Request Inspection Copy

If you are an Academic or Teacher and wish to consider this book as a prescribed textbook for your course, you may be eligible for a complimentary inspection copy. Please complete this form, including information about your position, campus and course, before adding to cart.

* Required Fields

To complete your Inspection Copy Request you will need to click the Checkout button in the right margin and complete the checkout formalities. You can include Inspection Copies and purchased items in the same shopping cart, see our Inspection Copy terms for further information.

Any Questions? Please email our text Support Team on


Email this to a friend

* ALL required Fields

Order Inspection Copy

An inspection copy has been added to your shopping cart

Democracy for Sale: Elections, Clientelism, and the State in Indonesia

by Edward Aspinall and Ward Berenschot Cornell University Press
Pub Date:
Pbk 330 pages
AU$66.00 NZ$68.70
Product Status: In Stock Now
add to your cart

Other Available Formats:

Democracy for Sale is an on-the-ground account of Indonesian democracy, analyzing its election campaigns and behind-the-scenes machinations. Edward Aspinall and Ward Berenschot assess the informal networks and political strategies that shape access to power and privilege in the messy political environment of contemporary Indonesia.


In post-Suharto Indonesian politics the exchange of patronage for political support is commonplace. Clientelism, argue the authors, saturates the political system, and in Democracy for Sale they reveal the everyday practices of vote buying, influence peddling, manipulating government programs, and skimming money from government projects. In doing so, Aspinall and Berenschot advance three major arguments. The first argument points toward the role of religion, kinship, and other identities in Indonesian clientelism. The second explains how and why Indonesia's distinctive system of free-wheeling clientelism came into being. And the third argument addresses variation in the patterns and intensity of clientelism. Through these arguments and with comparative leverage from political practices in India and Argentina, Democracy for Sale provides compelling evidence of the importance of informal networks and relationships rather than formal parties and institutions in contemporary Indonesia.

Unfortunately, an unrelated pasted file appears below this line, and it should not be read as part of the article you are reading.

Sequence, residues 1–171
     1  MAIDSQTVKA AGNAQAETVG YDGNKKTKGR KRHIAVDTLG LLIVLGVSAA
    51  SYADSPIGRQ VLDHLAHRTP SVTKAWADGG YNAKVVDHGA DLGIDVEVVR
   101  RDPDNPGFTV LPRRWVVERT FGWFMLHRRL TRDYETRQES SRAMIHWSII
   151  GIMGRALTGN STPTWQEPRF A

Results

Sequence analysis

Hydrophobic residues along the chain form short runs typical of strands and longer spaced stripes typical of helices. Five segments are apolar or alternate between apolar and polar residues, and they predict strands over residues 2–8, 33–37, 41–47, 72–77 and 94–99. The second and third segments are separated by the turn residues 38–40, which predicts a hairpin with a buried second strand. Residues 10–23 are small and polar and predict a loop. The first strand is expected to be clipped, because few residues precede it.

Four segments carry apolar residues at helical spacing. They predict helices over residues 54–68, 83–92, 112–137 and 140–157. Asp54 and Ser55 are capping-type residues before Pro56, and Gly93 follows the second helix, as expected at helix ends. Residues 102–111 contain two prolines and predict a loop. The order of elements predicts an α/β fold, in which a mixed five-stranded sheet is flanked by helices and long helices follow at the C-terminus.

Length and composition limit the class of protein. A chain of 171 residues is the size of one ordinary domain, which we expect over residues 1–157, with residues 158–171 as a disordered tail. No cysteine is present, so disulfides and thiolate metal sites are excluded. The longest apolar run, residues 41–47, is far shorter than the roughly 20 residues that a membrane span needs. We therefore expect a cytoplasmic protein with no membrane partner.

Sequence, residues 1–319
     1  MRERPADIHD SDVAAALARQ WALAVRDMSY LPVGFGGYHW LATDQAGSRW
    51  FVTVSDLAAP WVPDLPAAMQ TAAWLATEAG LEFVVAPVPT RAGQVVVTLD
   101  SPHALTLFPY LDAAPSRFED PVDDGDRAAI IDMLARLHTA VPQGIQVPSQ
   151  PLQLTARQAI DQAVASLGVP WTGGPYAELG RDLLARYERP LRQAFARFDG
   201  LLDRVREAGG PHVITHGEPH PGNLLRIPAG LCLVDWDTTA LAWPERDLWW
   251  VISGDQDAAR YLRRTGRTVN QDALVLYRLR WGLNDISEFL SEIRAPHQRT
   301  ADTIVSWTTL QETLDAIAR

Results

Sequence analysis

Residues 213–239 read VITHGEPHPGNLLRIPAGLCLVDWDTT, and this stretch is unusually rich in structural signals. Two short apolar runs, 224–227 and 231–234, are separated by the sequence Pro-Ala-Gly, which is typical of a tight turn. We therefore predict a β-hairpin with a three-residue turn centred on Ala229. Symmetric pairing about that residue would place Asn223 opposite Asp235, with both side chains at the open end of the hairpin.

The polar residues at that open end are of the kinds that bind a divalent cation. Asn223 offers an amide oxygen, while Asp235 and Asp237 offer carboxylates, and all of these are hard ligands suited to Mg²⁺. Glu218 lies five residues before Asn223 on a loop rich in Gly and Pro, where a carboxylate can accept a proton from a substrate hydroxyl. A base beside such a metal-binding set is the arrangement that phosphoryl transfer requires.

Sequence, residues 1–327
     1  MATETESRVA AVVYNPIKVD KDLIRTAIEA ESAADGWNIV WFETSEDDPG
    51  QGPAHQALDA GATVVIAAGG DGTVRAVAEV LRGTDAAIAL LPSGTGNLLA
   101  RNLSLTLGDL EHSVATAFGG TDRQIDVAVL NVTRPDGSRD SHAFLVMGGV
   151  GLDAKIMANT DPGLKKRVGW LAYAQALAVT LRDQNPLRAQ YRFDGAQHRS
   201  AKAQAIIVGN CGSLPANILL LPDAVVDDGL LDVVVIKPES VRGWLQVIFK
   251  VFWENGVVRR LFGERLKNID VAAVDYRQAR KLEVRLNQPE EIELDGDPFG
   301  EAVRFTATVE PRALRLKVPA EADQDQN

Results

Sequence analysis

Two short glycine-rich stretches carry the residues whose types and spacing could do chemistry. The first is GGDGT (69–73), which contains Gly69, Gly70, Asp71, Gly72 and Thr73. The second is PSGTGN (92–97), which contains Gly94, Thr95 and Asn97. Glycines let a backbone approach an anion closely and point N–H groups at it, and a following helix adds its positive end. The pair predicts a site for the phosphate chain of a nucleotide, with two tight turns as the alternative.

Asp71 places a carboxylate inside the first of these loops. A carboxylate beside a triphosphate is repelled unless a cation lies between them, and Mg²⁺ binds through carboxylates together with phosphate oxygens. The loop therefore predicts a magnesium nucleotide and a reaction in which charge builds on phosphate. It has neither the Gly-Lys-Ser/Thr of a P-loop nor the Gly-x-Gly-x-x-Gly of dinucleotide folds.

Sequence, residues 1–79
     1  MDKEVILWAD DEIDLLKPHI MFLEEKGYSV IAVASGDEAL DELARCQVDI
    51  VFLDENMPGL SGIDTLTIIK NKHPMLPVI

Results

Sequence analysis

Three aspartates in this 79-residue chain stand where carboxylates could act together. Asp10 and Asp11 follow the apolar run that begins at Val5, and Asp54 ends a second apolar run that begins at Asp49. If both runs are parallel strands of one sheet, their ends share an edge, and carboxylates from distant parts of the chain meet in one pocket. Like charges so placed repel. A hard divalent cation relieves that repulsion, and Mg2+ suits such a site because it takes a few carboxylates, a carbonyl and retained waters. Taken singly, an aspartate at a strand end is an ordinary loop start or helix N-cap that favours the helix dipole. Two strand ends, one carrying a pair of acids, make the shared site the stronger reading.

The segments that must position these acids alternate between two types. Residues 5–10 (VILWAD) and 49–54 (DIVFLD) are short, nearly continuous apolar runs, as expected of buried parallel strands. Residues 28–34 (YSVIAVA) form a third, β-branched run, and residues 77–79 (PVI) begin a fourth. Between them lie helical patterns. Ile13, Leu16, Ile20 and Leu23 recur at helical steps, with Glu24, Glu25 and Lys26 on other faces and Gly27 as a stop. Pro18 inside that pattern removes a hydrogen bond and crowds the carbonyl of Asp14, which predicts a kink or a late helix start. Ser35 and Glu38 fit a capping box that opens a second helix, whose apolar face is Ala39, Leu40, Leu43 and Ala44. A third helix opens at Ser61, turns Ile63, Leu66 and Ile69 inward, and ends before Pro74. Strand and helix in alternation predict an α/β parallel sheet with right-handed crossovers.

List of Tables and Figures



1. Indonesia's Patronage Democracy

2. Capturing Varieties of Clientelism


3. Historical Origins of Free-Wheeling Clientelism

4. Electoral Institutions, Political Parties and Candidates


5. Success Teams and Vote Buying

6. Social Networks and Club Goods


7. Governance and Public Spending

8. Bureaucrats and the Power of Office


9. Campaign Financing, Business and the Public Sphere

10. Explaining Variation in Indonesia's Patronage Democracy

Conclusion: Clientelism and the Search for Good Governance





"Democracy for Sale promises to be a major contribution to Indonesian politics, and also a book that will be read, discussed, and cited by authors working cross-nationally."

- Tom Pepinsky, Cornell University, and author of Economic Crises and the Breakdown of Authoritarian Regimes

"Democracy for Sale is an outstanding book with a compelling mix of methodologies that will be useful for scientists interested in clientelism in general."

- Andreas Ufen, German Institute of Global and Area Studies, and coeditor of Democratization in Post-Suharto Indonesia and Party Politics in Southeast Asia

"Democracy for Sale combines rich details about the variety and variability of clientelism in Indonesia with a framework for comparing and analyzing clientelism across a variety of country contexts. This is a volume all scholars of clientelism, patronage, and money politics will want on their shelf."

- Allen Hicken, University of Michigan
Edward Aspinall is Professor of Politics at the Australian National University. He is the author of several books, among them Opposing Suharto and Islam and Nation, and the coedited volume Electoral Dynamics in Indonesia.


Ward Berenschot is a researcher at KITLV Leiden and the author of Riot Politics and the co-edited volume In Search of Middle Indonesia.